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Re: Convenient array & hash iterators & accessors

From: Julian Foad <julianfoad_at_btopenworld.com>
Date: Fri, 6 Mar 2015 11:01:53 +0000

Branko Čibej wrote:
> On 06.03.2015 11:30, Julian Foad wrote:
>> Branko Čibej wrote:
>>> I'm also *very* scared of the implicit, hidden qsort in the sorted.
>>
>> It's invoked only if you write "..._SORTED()" or "..._sorted()". That's
>> explicit and visible. What's so scary about that?
>
> The term "sorted iteration" is ambiguous. In this case, it means "sort
> the container, then iterate", which means it has a side effect.

No, in this case it means the common meaning you suggest it should have.

See the doc strings:

+/** Like SVN_ARRAY_ITER but iterating over a copy of the array sorted by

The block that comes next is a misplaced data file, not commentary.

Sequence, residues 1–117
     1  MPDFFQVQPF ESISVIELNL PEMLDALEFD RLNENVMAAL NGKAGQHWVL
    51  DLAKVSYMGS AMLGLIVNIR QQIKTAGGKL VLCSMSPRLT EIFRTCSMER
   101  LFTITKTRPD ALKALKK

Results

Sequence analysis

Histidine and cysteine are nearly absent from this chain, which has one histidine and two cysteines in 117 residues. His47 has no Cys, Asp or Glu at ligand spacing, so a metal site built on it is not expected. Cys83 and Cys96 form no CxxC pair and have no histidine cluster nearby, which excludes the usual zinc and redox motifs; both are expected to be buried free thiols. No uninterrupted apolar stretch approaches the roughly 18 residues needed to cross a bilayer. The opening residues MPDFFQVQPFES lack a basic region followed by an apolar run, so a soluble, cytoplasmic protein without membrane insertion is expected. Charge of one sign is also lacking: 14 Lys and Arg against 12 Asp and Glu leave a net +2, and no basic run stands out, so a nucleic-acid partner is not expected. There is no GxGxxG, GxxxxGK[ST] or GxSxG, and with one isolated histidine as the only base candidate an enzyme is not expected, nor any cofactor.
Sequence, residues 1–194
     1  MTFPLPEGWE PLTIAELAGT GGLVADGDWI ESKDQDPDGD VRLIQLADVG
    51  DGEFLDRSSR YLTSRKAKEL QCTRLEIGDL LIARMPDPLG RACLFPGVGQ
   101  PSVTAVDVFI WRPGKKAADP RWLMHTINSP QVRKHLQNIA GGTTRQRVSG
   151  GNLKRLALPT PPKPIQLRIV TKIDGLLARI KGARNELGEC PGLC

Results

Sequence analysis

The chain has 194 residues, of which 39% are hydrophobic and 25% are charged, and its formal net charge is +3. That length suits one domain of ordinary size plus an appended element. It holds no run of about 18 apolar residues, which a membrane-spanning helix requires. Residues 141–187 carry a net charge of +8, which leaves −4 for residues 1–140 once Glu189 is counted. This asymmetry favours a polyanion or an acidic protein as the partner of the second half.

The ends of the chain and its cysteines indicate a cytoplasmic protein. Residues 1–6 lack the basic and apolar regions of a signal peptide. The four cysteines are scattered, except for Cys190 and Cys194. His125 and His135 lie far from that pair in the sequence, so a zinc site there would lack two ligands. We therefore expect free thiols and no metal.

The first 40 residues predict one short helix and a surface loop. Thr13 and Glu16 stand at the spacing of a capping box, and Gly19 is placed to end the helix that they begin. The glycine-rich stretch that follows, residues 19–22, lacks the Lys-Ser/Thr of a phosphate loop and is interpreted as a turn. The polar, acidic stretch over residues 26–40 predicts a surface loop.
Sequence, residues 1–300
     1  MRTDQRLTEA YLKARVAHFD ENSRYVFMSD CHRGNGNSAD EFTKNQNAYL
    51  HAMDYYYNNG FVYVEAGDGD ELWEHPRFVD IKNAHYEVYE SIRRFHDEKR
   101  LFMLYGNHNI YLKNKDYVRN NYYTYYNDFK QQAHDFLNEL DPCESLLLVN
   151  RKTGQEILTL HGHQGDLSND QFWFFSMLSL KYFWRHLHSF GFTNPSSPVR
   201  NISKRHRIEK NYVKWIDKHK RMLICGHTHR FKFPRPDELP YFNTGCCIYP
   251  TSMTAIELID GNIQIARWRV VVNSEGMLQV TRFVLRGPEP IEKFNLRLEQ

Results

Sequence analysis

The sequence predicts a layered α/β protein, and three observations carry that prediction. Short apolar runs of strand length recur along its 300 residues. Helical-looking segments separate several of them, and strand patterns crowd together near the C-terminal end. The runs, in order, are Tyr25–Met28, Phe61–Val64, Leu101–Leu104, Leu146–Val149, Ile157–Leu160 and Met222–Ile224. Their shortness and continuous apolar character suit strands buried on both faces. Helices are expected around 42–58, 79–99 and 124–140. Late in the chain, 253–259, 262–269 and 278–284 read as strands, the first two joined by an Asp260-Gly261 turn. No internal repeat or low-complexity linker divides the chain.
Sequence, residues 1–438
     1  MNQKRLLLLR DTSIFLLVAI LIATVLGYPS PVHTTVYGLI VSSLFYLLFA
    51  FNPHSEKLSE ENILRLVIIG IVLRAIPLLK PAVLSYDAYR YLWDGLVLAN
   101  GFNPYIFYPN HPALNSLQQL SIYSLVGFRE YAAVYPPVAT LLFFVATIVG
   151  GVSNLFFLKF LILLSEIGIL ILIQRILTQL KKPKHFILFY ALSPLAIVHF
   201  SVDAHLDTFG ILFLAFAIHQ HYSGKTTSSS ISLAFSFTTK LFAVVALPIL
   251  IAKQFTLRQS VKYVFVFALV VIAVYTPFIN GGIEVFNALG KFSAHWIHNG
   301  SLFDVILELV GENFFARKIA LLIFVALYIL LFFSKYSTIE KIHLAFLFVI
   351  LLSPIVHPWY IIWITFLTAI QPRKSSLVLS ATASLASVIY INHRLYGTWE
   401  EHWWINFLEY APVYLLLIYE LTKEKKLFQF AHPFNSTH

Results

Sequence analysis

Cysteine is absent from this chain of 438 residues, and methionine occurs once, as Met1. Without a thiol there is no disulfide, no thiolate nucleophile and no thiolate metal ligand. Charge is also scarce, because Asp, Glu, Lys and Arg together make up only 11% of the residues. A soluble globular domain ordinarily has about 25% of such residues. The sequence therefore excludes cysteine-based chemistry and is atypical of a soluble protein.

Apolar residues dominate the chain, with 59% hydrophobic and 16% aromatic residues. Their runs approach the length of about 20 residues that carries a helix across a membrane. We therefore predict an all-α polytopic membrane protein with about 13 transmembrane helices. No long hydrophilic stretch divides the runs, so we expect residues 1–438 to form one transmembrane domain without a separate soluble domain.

+ * @a comparison_func. */
+#define SVN_ARRAY_ITER_SORTED(i, array, comparison_func, pool) \

+/** Start iterating over the array @a array, in sorted order according to
+ * @a comparison_func.  Return a pointer to the first element, or NULL if
+ * there are no elements.
+ *
+ * It is permissible to change the original array @a array during the
+ * iteration.  Doing so will not affect the sequence of elements returned
+ * by svn_array__next(), as svn_array__sorted_first() takes a snapshot of
+ * pointers to the original keys and values.  The memory in which the
+ * original keys and values of HT are stored must remain available during
+ * the iteration.
+ */
+svn_iter_t *
+svn_array__sorted_first([...]

> A more
> common meaning is "iterate in sorted order, leaving the container
> unchanged". See, for example, Python's sorted() generator adaptor.
>
> It's much more visible and unambiguous to sort the container and then
> iterate on the result. Iterations should not have side effects on the
> container.

That's exactly the approach I took.

- Julian
Received on 2015-03-06 12:02:44 CET

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